The only people within the company who speak directly to customers with any regularity (except sales) are customer service representatives.  Customer service as an organization is fairly isolated.  It’s an obligatory department but not well integrated into the rest of the business. The corporate culture is one where customer service is viewed as everyone’s responsibility (to an extent).  Each functional area (e.g. senior leadership, product development, marketing, etc.) has some direct customer contact regularly (e.g. everyone takes 5 customer calls/week?).  Similarly, goals, metrics, and reward systems are designed to ensure that everyone is motivated to enhance customer service.

*Analysis is derived in part from the 2016 Professionalism Matters “What Customers Really Want” Survey Report.

With respect to providing more direct contact information for leadership and other key staff, I’m sure that some will argue that exposing direct email addresses and phone numbers for executives, etc. could create opportunities for unwanted solicitations, spam, etc. but I’m sure there are viable technology solutions to guard against that.  Furthermore, those companies who have provided more transparency seem to have managed around those issues.  My sense is that this concern is largely a red herring for companies whose leadership simply doesn’t want to be bothered hearing directly from customers.  When it comes to hearing directly from customers, learning about their experiences, and using that feedback to continuously improve – they’re just not that interested.

The relationship that a company builds with its customers is a sacred one.  And when the company is really just pretending to care, it feels like a dysfunctional one where the boyfriend or girlfriend says they’re serious, but they’re really not.  They don’t want you to know where they live – they always wants to meet out and they give you a cell phone number but not their home phone number.  After awhile, you get the message – time to break it off – why expend time and energy on someone who clearly isn’t that into you…Ultimately, many customers will make the same choice.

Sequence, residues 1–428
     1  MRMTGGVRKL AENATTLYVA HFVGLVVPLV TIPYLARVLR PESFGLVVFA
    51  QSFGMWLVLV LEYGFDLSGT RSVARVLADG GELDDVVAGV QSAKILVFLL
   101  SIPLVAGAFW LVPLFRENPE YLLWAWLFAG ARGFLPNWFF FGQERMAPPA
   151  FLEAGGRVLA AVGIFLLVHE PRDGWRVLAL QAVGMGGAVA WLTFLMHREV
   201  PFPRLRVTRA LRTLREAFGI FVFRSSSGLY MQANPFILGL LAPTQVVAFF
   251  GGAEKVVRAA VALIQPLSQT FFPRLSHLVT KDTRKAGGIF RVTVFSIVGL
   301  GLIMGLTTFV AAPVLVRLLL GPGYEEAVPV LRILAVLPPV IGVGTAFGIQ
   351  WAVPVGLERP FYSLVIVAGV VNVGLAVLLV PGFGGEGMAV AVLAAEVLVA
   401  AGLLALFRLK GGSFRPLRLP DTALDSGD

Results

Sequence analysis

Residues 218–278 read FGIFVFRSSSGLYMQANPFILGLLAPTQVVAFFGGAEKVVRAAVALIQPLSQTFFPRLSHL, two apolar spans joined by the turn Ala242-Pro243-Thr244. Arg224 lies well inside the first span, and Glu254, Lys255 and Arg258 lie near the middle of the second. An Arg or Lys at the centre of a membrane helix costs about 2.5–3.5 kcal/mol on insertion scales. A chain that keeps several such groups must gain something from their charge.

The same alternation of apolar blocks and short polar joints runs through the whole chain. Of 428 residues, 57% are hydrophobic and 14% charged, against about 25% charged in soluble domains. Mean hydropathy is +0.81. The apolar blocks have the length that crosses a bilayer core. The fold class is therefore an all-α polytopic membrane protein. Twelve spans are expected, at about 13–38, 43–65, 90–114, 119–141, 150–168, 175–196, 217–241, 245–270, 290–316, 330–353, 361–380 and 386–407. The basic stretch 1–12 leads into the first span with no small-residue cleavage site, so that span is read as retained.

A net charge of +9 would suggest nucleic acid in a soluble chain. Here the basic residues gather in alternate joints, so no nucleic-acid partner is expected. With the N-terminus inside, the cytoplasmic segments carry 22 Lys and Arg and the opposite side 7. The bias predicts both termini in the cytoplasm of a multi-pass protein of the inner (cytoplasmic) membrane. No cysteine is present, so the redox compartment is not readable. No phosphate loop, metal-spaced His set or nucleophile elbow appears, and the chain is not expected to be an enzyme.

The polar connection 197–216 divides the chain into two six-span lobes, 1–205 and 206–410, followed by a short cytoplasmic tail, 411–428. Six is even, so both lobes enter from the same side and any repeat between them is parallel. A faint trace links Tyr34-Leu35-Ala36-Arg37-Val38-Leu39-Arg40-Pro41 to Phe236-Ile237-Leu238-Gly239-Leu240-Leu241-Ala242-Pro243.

Dana Brownlee is an acclaimed keynote speaker, corporate trainer, and team development consultant.  She is President of Professionalism Matters, Inc. a boutique professional development corporate training firm based in Atlanta, GA.  She can be reached at danapbrownlee@professionalismmatters.com.  Connect with her on Linked In @ www.linkedin.com/in/danabrownlee and Twitter @DanaBrownlee. 

5 Tragic Customer Service Mistakes

Customer Service Mistakes…Are You Making These Common Ones?

If you’re like me, you’ve had more than your share of horrible customer service experiences leaving you scratching your head in frustration at the fact that companies seem to make the most glaring customer service mistakes (that could be so easily remedied)!!!!  I’ve certainly wondered….

  • Why does the automated phone system ask me to punch in my account number a zillion times if the representative’s first question will be “Account number please?”